Is Ethanol Essential for the Lithium-Mediated Nitrogen Reduction Reaction?

Jon Bjarke Valbæk Mygind, Jakob B. Pedersen, Katja Li, Niklas H. Deissler, Mattia Saccoccio, Xianbiao Fu, Shaofeng Li, Rokas Sažinas, Suzanne Z. Andersen, Kasper Enemark-Rasmussen, Peter C.K. Vesborg, Jakob Doganli-Kibsgaard, Ib Chorkendorff*

*Corresponding author for this work

Research output: Contribution to journalJournal articleResearchpeer-review

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The lithium-mediated nitrogen reduction reaction (Li-NRR) is a promising method for decentralized ammonia synthesis using renewable energy. An organic electrolyte is utilized to combat the competing hydrogen evolution reaction, and lithium is plated to activate the inert N2 molecule. Ethanol is commonly used as a proton shuttle to provide hydrogen to the activated nitrogen. In this study, we investigate the role of ethanol as a proton shuttle in an electrolyte containing tetrahydrofuran and 0.2 M lithium perchlorate. Particularly designed electrochemical experiments show that ethanol is necessary for a good solid-electrolyte interphase but not for the synthesis of ammonia. In addition, electrochemical quartz crystal microbalance (EQCM) demonstrates that the SEI formation at the onset of lithium plating is of specific importance. Chemical batch synthesis of ammonia combined with real-time mass spectrometry confirms that protons can be shuttled from the anode to the cathode by other species even without ethanol. Moreover, it raises questions regarding the electrochemical nature of Li-NRR. Finally, we discuss electrolyte stability and electrochemical electrode potentials, highlighting the role of ethanol on electrolyte degradation.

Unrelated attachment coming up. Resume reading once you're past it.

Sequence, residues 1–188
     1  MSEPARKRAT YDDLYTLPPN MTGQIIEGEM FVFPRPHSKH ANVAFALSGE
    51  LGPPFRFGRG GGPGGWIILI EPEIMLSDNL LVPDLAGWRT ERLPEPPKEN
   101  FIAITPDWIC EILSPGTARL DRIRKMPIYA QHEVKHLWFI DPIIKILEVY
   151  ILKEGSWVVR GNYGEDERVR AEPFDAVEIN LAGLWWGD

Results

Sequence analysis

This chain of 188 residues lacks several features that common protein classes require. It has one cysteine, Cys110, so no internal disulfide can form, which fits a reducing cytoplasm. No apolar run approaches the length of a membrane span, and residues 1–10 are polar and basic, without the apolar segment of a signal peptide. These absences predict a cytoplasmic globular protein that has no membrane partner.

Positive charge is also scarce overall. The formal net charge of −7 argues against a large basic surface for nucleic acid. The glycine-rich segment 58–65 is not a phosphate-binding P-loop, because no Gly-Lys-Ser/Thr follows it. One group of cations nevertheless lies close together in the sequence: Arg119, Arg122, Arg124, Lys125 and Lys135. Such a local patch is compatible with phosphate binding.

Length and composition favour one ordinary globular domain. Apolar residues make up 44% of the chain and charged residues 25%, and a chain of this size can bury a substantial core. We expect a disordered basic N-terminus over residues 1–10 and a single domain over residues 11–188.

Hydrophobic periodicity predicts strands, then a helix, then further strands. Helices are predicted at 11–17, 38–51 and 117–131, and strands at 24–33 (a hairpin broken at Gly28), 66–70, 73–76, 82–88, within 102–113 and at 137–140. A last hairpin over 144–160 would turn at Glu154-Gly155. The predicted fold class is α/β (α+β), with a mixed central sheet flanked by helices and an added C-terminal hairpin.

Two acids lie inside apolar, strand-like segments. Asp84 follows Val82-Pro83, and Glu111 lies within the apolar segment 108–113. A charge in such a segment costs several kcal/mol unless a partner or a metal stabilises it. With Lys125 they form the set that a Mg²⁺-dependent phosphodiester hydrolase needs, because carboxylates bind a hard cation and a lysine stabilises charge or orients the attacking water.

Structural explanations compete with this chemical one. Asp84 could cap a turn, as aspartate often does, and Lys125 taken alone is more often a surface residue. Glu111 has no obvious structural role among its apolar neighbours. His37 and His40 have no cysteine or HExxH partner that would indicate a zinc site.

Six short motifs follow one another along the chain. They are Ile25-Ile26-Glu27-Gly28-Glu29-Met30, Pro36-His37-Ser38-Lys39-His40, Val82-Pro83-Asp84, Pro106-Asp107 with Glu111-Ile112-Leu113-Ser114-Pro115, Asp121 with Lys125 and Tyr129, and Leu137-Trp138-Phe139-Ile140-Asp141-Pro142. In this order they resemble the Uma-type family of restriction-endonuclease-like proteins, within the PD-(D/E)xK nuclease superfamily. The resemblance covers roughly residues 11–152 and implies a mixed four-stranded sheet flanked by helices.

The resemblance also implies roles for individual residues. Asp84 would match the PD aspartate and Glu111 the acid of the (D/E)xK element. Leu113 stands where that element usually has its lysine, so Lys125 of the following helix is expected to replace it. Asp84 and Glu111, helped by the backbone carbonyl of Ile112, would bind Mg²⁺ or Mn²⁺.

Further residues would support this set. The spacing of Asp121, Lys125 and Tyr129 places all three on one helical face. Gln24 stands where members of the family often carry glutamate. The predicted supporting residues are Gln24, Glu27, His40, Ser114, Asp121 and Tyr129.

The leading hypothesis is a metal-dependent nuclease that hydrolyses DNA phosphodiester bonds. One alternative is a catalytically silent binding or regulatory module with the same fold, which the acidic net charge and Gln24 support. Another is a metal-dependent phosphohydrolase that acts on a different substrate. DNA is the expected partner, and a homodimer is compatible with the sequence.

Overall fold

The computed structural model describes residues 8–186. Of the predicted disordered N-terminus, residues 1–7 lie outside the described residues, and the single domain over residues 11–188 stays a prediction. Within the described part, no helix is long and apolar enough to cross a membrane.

Original languageEnglish
Article numbere2023010
Number of pages9
Publication statusPublished - 2023


  • Ammonia synthesis
  • Electrochemistry
  • Lithium
  • Organic electrolyte electrolysis
  • Solid-electrolyte interphase


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